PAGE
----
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Old Apr 11, 2004, 07:23 PM   #1
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Default Forty years ago, The Beatles ruled the charts; Twist and Shout was No. 2

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(CP) - It was the last of 10 songs recorded in a day-long session and it was never really intended for anything other than album filler. But fate had other plans for a song that eventually became a rock classic.

Forty years ago, the Beatles' version of Twist and Shout helped the Fab Four make music history. It was April 4, 1964, that they held the top five spots on the Billboard Hot 100, a chart domination that will likely never be repeated.

The top spot was occupied by the group's brand new single on Capitol Records, Can't Buy Me Love. The Beatles' first three No. 1 singles in their home country held places three through five - She Loves You was No. 3, I Want To Hold Your Hand was No. 4 and Please Please Me was No. 5.

But it was the song in the runner-up spot that had become an unexpected smash. Twist and Shout, originally an American hit two years earlier for the Isley Brothers, had not been recorded for single release by the Beatles, who were committed to releasing only original material on 45.

"It's a different thing we're going for, it's something new," Paul McCartney (news) once said, recounting what the Beatles had told producer George Martin in 1962 when he tried to get them to record another writer's song for their first single.

"We are now starting a reputation, a major reputation, hopefully, so we must be careful as to what we do."

But the group wasn't averse to taking other people's songs and making them entirely their own on stage, something that helped the Beatles make their name in Great Britain. Their electric live performances included renditions of various American recordings. Twist and Shout was added to the repertoire after the Beatles heard the Isley Brothers' version.

In early 1963, Martin decided to record an album to capitalize on the success of the single Please Please Me, which was climbing the British charts. Eager to capture the energy of the Beatles' stage act, while recognizing there was no time to write enough new material for an entire album, Martin suggested they choose several cover versions to record.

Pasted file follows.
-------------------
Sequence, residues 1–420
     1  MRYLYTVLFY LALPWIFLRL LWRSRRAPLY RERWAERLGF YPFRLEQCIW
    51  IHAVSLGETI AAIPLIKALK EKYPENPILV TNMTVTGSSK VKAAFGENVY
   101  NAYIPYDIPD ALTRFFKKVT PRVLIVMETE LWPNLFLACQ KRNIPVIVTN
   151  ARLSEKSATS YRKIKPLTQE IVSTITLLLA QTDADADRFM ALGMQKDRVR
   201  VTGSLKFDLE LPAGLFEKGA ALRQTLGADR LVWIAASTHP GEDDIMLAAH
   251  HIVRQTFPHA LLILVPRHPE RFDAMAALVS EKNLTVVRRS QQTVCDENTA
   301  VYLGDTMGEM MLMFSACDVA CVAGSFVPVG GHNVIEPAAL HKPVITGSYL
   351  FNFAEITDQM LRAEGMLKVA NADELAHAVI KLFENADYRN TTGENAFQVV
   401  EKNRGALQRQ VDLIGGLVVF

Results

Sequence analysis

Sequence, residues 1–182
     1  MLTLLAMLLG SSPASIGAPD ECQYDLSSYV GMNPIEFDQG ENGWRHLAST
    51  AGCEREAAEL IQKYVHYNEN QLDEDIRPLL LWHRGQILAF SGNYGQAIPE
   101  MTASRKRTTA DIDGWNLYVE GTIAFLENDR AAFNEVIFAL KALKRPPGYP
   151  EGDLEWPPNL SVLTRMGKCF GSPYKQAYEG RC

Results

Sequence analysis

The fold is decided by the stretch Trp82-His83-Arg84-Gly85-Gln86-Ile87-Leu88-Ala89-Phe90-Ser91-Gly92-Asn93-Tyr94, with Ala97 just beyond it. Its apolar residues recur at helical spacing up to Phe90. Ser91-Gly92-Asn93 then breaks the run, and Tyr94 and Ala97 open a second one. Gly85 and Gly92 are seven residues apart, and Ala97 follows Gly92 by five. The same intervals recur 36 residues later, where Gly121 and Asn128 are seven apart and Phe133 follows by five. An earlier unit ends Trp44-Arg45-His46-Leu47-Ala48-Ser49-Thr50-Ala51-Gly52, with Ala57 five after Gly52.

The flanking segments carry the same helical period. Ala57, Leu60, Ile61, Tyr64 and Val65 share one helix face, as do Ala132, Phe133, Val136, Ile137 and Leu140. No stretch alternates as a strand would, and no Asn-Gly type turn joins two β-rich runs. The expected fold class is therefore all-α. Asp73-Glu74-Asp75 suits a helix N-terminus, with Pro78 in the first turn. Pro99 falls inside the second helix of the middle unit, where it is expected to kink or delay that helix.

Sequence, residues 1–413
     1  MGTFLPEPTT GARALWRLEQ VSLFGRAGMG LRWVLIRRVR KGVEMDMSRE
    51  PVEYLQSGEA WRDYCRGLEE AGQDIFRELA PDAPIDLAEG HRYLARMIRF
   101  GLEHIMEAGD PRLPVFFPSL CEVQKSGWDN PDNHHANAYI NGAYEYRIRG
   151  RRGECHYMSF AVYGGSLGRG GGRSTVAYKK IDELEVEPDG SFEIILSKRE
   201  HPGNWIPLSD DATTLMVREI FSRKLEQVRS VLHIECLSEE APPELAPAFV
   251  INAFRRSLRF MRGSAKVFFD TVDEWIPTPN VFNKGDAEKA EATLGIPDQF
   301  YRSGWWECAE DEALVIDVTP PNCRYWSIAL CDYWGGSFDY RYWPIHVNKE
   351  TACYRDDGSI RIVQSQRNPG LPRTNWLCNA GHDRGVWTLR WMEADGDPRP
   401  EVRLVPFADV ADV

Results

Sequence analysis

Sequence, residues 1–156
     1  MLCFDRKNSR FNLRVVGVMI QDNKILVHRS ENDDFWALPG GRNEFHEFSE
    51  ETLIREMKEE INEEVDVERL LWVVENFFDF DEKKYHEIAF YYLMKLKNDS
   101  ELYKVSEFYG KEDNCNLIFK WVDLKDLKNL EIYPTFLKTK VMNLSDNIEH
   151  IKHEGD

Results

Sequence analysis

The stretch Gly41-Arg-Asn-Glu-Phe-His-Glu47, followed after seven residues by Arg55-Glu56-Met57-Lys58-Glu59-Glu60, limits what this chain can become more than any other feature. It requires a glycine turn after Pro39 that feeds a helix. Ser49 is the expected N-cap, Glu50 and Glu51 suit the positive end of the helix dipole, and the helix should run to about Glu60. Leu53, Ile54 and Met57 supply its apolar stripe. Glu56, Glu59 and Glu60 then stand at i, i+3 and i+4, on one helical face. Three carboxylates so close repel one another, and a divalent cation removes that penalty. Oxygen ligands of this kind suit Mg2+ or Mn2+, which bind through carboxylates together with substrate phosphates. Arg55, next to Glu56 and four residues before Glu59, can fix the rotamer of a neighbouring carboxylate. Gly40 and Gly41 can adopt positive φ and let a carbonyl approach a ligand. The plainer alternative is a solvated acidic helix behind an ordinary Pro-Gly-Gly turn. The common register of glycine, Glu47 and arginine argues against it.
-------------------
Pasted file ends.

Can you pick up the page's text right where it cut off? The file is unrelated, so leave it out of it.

On Feb. 11, 1963, the Beatles arrived at Abbey Road Studios in London to record 10 songs for the album. The cuts were to include future hits like I Saw Her Standing There and Do You Want To Know A Secret, but Martin and the group wanted Twist and Shout on the disc as well. But Martin was also aware there might be problems. Lennon, who sang lead on the song, had a cold and was fighting to keep his voice from deserting him as the day wore on.

"I knew that Twist and Shout was a real larynx-tearer and I said, 'we're not going to record that until the very end of the day, because if we record it early on, you're not going to have any voice left,"' Martin said in The Beatles Anthology.

Lennon, psyching himself up for his performance, stripped to the waist before tearing into the song. It was over in two minutes and 33 seconds; he and his bandmates had nailed it on the first take. A good thing too, because Lennon's throat was now in shreds and a second take proved nowhere near as good.

"We did two takes, and after that John didn't have any voice left at all," Martin said.

"(It) nearly killed me," Lennon said in a 1976 interview. "My voice wasn't the same for a long time after; every time I swallowed, it was like sandpaper."

His impassioned, desperate performance was chosen to conclude the album, which was named Please Please Me after the first single. It was released to great fanfare in the United Kingdom and spent 29 weeks atop the album chart there. Fans immediately took to Twist and Shout, which the group continued to showcase on stage, and the Beatles' label, Parlophone Records, responded by releasing it and three other album cuts on an extended-play single.

It became the biggest-selling EP in British history and also streaked up the main singles chart, stopping at No. 2. This could have been the end of the song's story. EMI, Parlophone's parent company, couldn't entice its American label, Capitol, to release any of the Beatles' early material.

The Please Please Me album was licensed to Vee Jay Records, a small Chicago-based company. The record and two early singles made no impact upon release and quickly sank out of sight. But when Capitol struck gold with I Want To Hold Your Hand, released in December 1963, Vee Jay tried again.